Written By: Vala Modaresi
Low IQ, Selfish, Passive, Stat stuffer – these are just a few adjectives used to describe two of the most polarizing superstars that have laced it up on the hardwood over the past decade. James Harden and Russell Westbrook, former teammates in OKC, competitors for the MVP award 5 of the last 6 years, and currently unconventional teammates for one of the more confusing teams in the NBA.
These Houston Rockets are a team that is loaded with quite a few question marks. Can a 31 and 32-year-old Harden and Westbrook shake their questionable playoff resumes? The precedent certainly exists with another all-timer when a 32-year-old Dirk finally overcame his playoff demons with one of the greatest playoff runs of all time in 2011. Westbrook has been marred with first-round exit after first-round exit every season in OKC since the departure of frenemy Kevin Durant, with his only win coming this past year when he appeared in only two games with a Rockets team that beat his former team in the Oklahoma City Thunder. Harden has been a little bit different. Harden’s Rockets have been the only real threat to arguably the most talented team in NBA history, the Golden State Warriors. He boasts 2 trips to the Western Conference Finals, and playoff appearances each and every season since he’s been in Houston, a team with one playoff series win in almost two decades prior to his arrival. But the NBA talking heads make the narrative clear – nothing matters without the rings.
Will this team continue with the perplexing micro ball lineup that raised eyebrows at the 2020 NBA trade deadline, touting a lineup that didn’t feature a single-player over the height of 6’7. The team currently boasts no center, and to make matters worse, lacks the assets in the way of draft picks, salary cap space, or young prospects to ship out for a productive center that complements the pick and roll/lob game that Clint Capela fit so snugly into. Perhaps the solution is the use of the team’s mid-level exception to bring in an unproven stretch big like Christian Wood, or to trade declining sixth man of the year, Eric Gordon, for a Miles Turner type? What is certain, is that the prospective moves are made all the more difficult without GM Daryl Morey.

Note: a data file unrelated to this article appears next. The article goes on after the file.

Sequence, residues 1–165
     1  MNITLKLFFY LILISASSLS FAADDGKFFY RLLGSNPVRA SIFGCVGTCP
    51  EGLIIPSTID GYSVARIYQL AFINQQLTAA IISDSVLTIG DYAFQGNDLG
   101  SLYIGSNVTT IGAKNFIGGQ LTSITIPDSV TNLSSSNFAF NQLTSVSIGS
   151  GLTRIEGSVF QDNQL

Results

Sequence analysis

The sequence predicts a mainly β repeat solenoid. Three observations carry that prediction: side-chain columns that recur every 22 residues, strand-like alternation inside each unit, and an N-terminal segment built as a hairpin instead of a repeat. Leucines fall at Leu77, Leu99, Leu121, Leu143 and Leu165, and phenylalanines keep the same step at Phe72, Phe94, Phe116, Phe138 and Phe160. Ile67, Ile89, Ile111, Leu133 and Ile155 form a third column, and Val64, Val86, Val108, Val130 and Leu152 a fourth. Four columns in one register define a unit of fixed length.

Daryl Morey, the forerunner of the analytics movement in the NBA, recently stepped down from the Rockets front office, a move that deserves it’s own article (stay tuned). During Morey’s tenure in Houston, no team other than the Sixers made more transactions than the Houston Rockets. His ability to find products on the cheap, and diamonds in the rough like Jeff Green, PJ Tucker, Austin Rivers, Gerald Green, and other key contributing pieces for the Rockets’ recent playoff runs made team building around Harden’s talents a match made in heaven. Did I mention that the Rockets are conducting a coaching search with a rookie GM now?
So here we have it. Two aging superstars whose resumes speak for themselves. Harden: former league MVP, 7 time All-NBA star, MVP finalist 5 of the last 6 years while leading the Rockets to the playoffs every single year during his time in Houston, but always lacking a signature playoff moment due to an all-time team in the Golden State Warriors blocking the way out of the Western Conference like a Kikiro guardian in The Legend of Zelda. Westbrook: former league MVP, 8 time All NBA selections, Triple Double MACHINE for three straight seasons, and just one playoff series win since Kevin Durant eloped from their on-court marriage. Does this sound familiar at all?
What happens next for these stars? The future in Houston is uncertain, but having two former MVPs in the twilight of their primes brings a certain measure of short term confidence for Rockets fans, even if what lies beyond the horizon may bring dark days to a storied franchise that has been a perennial playoff contender for the last eight seasons.
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